• I want to make clear that I definitely agree that changes need to be made now as opposed to later, and these changes need to be drastic to have any effect. That being said, I also think that this article over simplifies climate change and what is necessary to reverse it(if possible) and the multi faceted issues that arise due to it. The studies mentioned are necessary to protect people and their homes, and they also have the dual purpose of helping Newfoundlanders realize that climate change is real and not just a threat they will read about on the news. It will affect them directly and harshly. If you want Newfoundland to pull out of the Oil & Gas game completely, not only would we completely destroy our economy (if you think we are losing young people to other provinces now…) but we would also be sued into oblivion by long term contracts with large companies that we would be breaking. Any government that would try to do this would face a revolt like we haven’t seen before, and the incoming government would follow the will of the people (as they are supposed to) and bring it right back.

    But lets assume that Newfoundlanders are fine with this route and that the economy doesn’t matter, because the argument of your article is that climate change is more important (and in the long run you are right). When we set this example for the rest of the world, and sub sequentially crumble due cutting our legs out from us, what message will that send to every other oil producing nation? Do you think they will be crawling all over themselves to follow suit? It is a romantic thought that we can go cold turkey from oil, but we need a backup plan. Unless Newfoundlanders are fine with going back to pot bellied stoves, lamp light and no electronics (find me a modern electronic device that has zero parts that require oil in some fashion and I’ll be… well… surprised), we need an alternative.

    What we should be doing is demanding investment into other energy sectors within the province (wind, solar, hydro) and exporting surplus energy to help build our economy. But that isn’t romantic and has complicated fine details (energy storage, conditions that aren’t always perfect) so it is hard to get behind. Keeping with Oil and Gas is comfortable and has kept food on the table, and we Newfoundlanders love staying with what we know. So what is the answer? Losing our apathy and becoming actively involved with going forward, not backwards. Doing so requires preparation (studies like these) of what is to come due to climate change, and not losing sight of what caused it. We’re never going to go cold turkey, but if we arm ourselves with knowledge and push forward we can mitigate damages while not losing ourselves in the process. We need to stop thinking about how to just remove oil, but learn how to replace it.

  • I hear what you’re saying, and appreciate the urgency expressed here — it is certainly an urgent matter to do whatever is possible to avoid the worst case scenarios of catastrophic climate change. That said, even if industrial society was to shut down today and not burn any more fossil fuel, there is still significant climate change “baked into” the system. Climate change is not only coming, it is happening now. The only question is whether the fortitude exists to make the tough decisions. In that light, it is sensible that such studies are conducted.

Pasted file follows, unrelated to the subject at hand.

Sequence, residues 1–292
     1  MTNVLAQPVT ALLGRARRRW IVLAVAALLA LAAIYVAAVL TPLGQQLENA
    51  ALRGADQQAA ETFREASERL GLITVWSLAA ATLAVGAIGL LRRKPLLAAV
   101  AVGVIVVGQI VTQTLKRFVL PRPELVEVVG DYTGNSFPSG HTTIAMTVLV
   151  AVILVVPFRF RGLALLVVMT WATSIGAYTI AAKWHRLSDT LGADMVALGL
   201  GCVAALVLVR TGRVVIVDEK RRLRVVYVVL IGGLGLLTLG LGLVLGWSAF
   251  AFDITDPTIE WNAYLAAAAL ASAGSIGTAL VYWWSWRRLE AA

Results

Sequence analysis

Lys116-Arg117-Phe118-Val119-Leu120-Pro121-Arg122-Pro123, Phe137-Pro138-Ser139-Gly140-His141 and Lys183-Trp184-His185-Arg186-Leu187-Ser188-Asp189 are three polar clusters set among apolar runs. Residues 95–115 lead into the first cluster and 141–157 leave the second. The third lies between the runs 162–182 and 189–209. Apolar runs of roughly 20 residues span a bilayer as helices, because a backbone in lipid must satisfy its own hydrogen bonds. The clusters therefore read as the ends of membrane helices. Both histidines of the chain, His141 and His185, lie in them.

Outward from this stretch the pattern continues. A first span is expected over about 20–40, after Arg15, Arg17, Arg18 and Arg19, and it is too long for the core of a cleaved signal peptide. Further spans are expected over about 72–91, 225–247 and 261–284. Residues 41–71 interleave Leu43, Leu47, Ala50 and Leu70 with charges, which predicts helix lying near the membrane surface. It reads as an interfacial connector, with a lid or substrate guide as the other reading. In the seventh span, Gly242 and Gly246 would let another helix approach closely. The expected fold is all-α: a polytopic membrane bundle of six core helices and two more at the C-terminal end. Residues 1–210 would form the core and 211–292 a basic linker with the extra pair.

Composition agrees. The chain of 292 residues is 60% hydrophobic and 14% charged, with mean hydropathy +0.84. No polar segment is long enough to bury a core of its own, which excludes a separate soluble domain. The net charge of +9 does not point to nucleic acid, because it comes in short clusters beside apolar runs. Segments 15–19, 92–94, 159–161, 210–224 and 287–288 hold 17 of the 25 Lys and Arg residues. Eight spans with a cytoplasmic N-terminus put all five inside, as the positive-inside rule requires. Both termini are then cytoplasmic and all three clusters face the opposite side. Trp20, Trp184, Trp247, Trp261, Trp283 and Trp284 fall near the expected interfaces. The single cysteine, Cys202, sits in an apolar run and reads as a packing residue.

The part that boils my blood is that the government is conducting such studies and acknowledging climate change, while at the same time continuing with its business as usual, drill-baby-drill attitude, and its eagerness to have the province function as a launchpad for Arctic oil. That’s inviting the worst possible outcomes.

    • Jon P. is right on the money. Regardless of what is done from here on out, we WILL experience some degree of climate change now and in the foreseeable future, so this type of planning is absolutely necessary. I also really applaud the sense of urgency expressed in the article and the critique, but I don’t agree with the stance entirely.

      “Active climate change readiness is a clear declaration we are aware that we are destroying the planet we live on. It’s quite literally a slow and senseless suicide.”

      This statement is portrayed negatively, but the action described is actually hugely important and positive. Climate change readiness is a prudent and necessary step to address the damage that has already been done and is irreversible. It’s really not a preventable situation anymore, it’s one that requires maintenance once we lower emissions maximally – the prevention of continued acceleration of climate change is the goal. So bravo for the creation of this map, and for people not burying their heads in the sand – I hope to see more maps made for other municipalities. As for the provincial government’s stance on the oil industry, I 100% agree that it is frustrating and hypocritical. This is the problem, not the creation of flood risk maps.